for a return of the Tsars to the Romanov throne, and in 1923 the Foreign
Secretary., Lord Curzon, had initiated and., on the basis of Versailles
Treaty, Britain, with the Allies, had acknowledged the Polish-Russian
frontier and the Polish-Lithuanian frontier. They acknowledged that
Wilno belonged to the Polish Republic. Sir Eric Phipps signed for
Britain. It was the British view regarding those frontiers expressed
officially for the first time. " I rejoice," Churchill emphasised in the
Commons on April 13 of that year, " that Poland has been reconstituted.
I trust she will live long to enjoy the freedom of the lands which belong
to her, a freedom which was gained by the swords of the victorious Allies."
This was said over twenty years ago. And at the end of those twenty
years " the freedom of the lands which belong to her " was endangered
by those same Communists Churchill had fought against for so many years.
Furthermore, it was the same Churchill who now, it seemed, entertained
a <e sympathy with the Russian standpoint" and who emphasised that
he " cannot feel that the Russian demand for a reassurance about her
Western frontiers goes beyond the limit of what is reasonable or just,"
and—irony of fate—was, in effect, giving his consent to the advance of
the " conditions of the Dark Ages to behind the Pripet Marshes," to
behind the frontier of Poland. It was the same Churchill who now
supported the idea of an c unnatural combination,' of German industry
under Russian direction. It was not so long before, on March 21,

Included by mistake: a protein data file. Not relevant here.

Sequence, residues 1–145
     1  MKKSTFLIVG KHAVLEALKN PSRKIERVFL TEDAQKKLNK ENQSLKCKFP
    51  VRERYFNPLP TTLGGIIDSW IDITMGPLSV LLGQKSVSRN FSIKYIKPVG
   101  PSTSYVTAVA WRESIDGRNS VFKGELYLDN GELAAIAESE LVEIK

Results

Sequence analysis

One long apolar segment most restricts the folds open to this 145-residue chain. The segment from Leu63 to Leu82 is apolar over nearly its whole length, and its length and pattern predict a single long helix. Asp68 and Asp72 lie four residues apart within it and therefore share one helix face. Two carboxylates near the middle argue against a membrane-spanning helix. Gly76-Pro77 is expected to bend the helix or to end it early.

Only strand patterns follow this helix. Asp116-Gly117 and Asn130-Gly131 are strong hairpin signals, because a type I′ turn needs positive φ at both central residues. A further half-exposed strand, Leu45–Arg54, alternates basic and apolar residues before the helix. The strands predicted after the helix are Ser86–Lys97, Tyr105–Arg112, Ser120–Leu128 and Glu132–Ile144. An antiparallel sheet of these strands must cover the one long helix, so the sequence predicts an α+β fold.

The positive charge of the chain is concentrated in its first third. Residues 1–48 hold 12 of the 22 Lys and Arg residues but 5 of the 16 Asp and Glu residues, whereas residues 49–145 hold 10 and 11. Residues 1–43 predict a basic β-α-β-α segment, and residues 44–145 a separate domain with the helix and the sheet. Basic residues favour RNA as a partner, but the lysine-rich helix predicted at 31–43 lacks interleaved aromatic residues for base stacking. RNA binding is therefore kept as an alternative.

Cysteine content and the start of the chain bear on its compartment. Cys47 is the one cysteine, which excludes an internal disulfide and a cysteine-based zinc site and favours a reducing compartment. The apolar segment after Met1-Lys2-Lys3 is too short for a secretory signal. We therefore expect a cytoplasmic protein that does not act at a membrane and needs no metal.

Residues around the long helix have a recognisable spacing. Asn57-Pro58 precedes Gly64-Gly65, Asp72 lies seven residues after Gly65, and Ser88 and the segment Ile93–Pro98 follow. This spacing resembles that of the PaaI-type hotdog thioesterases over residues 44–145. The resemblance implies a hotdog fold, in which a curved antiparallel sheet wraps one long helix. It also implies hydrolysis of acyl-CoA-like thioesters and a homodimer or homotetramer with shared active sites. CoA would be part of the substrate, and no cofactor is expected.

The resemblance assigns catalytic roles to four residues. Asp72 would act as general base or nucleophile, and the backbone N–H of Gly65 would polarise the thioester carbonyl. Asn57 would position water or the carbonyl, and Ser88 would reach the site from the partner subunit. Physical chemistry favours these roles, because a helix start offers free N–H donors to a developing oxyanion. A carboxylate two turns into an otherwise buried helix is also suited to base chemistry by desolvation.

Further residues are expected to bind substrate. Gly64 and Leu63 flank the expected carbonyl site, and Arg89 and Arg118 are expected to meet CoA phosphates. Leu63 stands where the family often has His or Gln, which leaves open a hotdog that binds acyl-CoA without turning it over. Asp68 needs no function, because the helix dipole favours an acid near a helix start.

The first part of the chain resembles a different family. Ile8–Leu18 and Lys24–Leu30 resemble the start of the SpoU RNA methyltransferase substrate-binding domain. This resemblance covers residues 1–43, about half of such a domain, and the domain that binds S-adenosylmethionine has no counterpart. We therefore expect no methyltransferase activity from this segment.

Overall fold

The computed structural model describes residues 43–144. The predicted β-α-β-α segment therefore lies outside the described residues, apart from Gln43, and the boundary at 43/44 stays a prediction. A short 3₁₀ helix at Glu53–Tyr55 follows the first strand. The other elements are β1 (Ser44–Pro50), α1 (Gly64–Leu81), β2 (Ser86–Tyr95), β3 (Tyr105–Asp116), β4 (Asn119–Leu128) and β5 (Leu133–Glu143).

1943, while expressing the British views on the * new order' and
envisaging a e Council of Europe,3 the Prime Minister had given a
warning that Britain " will have to reach agreement with great and friendly
equals and also to respect and have a care for, the rights of weaker and
smaller States, and that it will not be given to any one nation to achieve
the full satisfaction of its individual wishes." By February 22, 1944,
this Statement seemed already out of date j the British Premier had agreed
to the fi full satisfaction ' of the wishes of one of those Great Powers, and,
upon the first disposition of those wishes the Observer harshly commented :
" Mr. Churchill's Government has travelled far since the days when it
was ready to fight * If necessary for years, if necessary alone/ against
a Germany in the full flush of her conquering power, and an unbeaten Italy,
with America resolved to keep out of war, and Russia still neutral. * Not
one jot, not one tittle, do we renounce of our just demands,' was Mr.
Churchill's message at that time, and in speaking so, he spoke for the nation.
Mr. Churchill still speaks for the nation when he puts its much-maligned
effort and its much-be-littled sacrifices on record. He ceases to do so
when he begins to limit the principles for which these sacrifices are made.
" For the citizens and citizen-soldiers of this country have not travelled
with their Government from idealism to cynicism. They are still the
people of 1918. For them the authentic war-aim is still to end the war, to
make the world safe for democracy; and to secure freedom from want and
fear for all,"
The day after Churchill's speech, Poland replied through the medium
of her C,-ia-C0 General Sosnkowski, in his address at a ceremony held